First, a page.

Thursday, February 22, 2024
HomeRegattaAmerica's CupIntense Testing Days Unfold in Barcelona

Intense Testing Days Unfold in Barcelona

The search for reliable, dependable systems control goes on in Barcelona with INEOS Britannia looking sensational in ‘T6,’ Alinghi Red Bull Racing fresh off the plane from Jeddah, Saudi Arabia and straight back into the groove with ‘BoatZero’, whilst NYYC American Magic had another day of difficult system calibrations to contend with as they bring ‘Patriot’ back into commission.


With Ben Ainslie and Giles Scott, steering the British LEQ12 in what can only be described as perfect conditions for the 40-foot prototype, the British team had a glamour afternoon in the late summer Mediterranean sun of Barcelona. Flight was rock-solid initially with the bustle skimming accurately and Luke Parkinson and Leigh McMillan totally in tune with their helms. Arguably, one of INEOS Britannia’s best days on the water, the LEQ12 was rocketing around the America’s Cup racecourse, eating up the miles and delivering the data that the Mercedes analysts back at HQ in the UK are craving.

The new mainsail control system really does look to be the game-changer for the British with super accurate trimming and real control of the lower third which translates up to the skinny/narrow head of the MN2-2 mainsail which looks like a re-cut to provide more power lower down. Perhaps a major gain has been found on initial take-off with so much power generation evident but it’s very clear that once in flight and going, the team can trim and spill at ease with such a positive effect on the smoothness of flight.


Upwind the mode of the boat was described by recon ace and Argentinian Olympic coach Peri Brusa as: “In medium wind conditions, the boat continues to be sailed almost completely upright when sailing upwind, with the leeward wing tip out of the water on an 80% to 90% of the time, and it called my attention that they sail with very little forestay sag. The main traveller continues to be played pretty aggressively up and down, to work the boat balance.”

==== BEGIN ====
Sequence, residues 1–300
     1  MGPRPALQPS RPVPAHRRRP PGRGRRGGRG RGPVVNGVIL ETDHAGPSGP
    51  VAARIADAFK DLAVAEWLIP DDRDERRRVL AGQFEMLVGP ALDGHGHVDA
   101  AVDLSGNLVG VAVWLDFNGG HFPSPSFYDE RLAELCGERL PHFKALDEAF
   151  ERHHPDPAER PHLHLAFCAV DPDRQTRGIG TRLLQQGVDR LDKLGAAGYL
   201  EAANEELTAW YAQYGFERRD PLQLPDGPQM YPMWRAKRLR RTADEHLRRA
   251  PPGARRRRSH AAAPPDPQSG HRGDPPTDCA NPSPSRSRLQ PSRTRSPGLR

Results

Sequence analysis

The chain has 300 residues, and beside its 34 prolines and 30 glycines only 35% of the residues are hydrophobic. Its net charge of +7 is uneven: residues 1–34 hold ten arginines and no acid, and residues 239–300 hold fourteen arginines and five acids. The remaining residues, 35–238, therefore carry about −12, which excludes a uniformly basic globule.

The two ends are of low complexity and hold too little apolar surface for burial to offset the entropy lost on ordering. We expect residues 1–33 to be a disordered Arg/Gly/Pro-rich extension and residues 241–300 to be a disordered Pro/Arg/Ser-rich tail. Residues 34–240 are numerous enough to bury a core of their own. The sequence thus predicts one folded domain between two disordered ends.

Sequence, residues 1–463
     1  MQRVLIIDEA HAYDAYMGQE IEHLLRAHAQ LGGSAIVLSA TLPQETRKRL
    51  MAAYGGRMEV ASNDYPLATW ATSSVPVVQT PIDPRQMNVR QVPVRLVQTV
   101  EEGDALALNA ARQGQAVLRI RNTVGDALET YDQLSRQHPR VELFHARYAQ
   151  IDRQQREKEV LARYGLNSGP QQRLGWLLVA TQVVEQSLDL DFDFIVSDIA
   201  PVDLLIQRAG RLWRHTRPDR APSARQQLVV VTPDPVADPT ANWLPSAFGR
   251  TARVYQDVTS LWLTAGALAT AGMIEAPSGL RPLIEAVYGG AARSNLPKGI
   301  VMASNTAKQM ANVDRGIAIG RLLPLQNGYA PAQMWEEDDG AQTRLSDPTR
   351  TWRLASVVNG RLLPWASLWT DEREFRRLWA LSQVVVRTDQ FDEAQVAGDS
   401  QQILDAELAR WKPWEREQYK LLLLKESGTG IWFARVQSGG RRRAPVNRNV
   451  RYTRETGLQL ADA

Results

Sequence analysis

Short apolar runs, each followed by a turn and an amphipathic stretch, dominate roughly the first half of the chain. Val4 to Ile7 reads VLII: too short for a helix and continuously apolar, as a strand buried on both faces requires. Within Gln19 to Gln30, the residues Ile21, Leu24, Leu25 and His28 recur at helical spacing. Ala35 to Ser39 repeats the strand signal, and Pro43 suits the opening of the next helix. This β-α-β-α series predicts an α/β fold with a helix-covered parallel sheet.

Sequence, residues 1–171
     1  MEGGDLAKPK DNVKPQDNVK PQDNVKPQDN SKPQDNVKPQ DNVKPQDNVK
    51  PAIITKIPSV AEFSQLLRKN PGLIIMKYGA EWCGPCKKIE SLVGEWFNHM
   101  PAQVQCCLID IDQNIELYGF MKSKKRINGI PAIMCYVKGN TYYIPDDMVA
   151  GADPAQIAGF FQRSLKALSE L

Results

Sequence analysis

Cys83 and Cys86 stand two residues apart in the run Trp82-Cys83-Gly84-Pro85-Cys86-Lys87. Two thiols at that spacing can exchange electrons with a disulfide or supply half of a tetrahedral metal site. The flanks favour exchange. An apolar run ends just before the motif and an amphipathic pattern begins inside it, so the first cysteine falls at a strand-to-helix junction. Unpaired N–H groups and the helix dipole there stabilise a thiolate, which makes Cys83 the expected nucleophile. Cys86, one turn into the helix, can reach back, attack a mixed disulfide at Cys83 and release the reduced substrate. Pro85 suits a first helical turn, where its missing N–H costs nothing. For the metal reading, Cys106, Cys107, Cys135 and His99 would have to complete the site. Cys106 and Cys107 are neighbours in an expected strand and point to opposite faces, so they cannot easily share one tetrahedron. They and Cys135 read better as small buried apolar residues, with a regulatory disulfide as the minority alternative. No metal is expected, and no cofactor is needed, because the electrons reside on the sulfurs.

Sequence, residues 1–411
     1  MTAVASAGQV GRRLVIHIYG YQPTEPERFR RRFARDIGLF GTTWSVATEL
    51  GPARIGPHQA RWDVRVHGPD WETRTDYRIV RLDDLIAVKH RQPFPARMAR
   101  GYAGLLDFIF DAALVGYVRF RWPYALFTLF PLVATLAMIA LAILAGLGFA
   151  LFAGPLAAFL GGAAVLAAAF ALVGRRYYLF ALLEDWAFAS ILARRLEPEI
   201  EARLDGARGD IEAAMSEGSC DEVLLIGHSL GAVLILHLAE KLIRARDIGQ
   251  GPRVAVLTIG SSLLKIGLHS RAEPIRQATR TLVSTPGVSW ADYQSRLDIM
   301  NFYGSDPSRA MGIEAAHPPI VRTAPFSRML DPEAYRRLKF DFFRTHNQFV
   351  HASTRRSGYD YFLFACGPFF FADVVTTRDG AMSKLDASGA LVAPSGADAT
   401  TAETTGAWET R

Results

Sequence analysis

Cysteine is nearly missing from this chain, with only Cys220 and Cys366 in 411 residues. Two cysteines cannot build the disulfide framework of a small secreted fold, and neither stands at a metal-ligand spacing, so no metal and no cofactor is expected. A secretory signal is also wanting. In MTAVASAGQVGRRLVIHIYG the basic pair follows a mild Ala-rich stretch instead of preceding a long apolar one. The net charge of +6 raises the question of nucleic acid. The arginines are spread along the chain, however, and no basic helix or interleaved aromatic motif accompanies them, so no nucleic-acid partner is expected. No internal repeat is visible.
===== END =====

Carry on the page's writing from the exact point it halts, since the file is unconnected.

The day was marred however for the team with another structural issue on the rudder after a series of two downwind nosedives that almost resulted in capsize with Ben Ainslie confirming: “Reliability is going to be key so as you saw today we had an issue with our rudder again, that was the rudder that we fixed from the previous issue with some tow-testing and while it’s only a test boat and test rudder, it’s still good learning, really good learning going into the raceboat and trying to ensure that we don’t suffer those reliability issues.” Asked what the issue is, Ben responded: “We don’t know quite yet but some structural issues with the rudder and the rudder case, don’t know quite how bad it is yet, so we have to look into that, figure out what the fix is and how long it’s going to take.”


A disappointing conclusion to the day for a team high on confidence and making great strides forward with a very singular focus on the delivery of their AC75 and making sure that’s a boat capable of winning the Louis Vuitton Cup and going deep in the competition. Ben reflected on the task ahead saying: “If you look at all of the other teams, they’re pushing in every area because certainly when you look at Emirates Team New Zealand the gap between them and the other teams in the last Cup was pretty significant, so if you think: ‘well they’re going to make another pretty significant jump’, the jump the rest of us have to make is pretty huge so you’ve got to look in every single area where you can, make it ideally big gains but even if there’s small gains they’re all going to stack up and count and that of course is the secret…”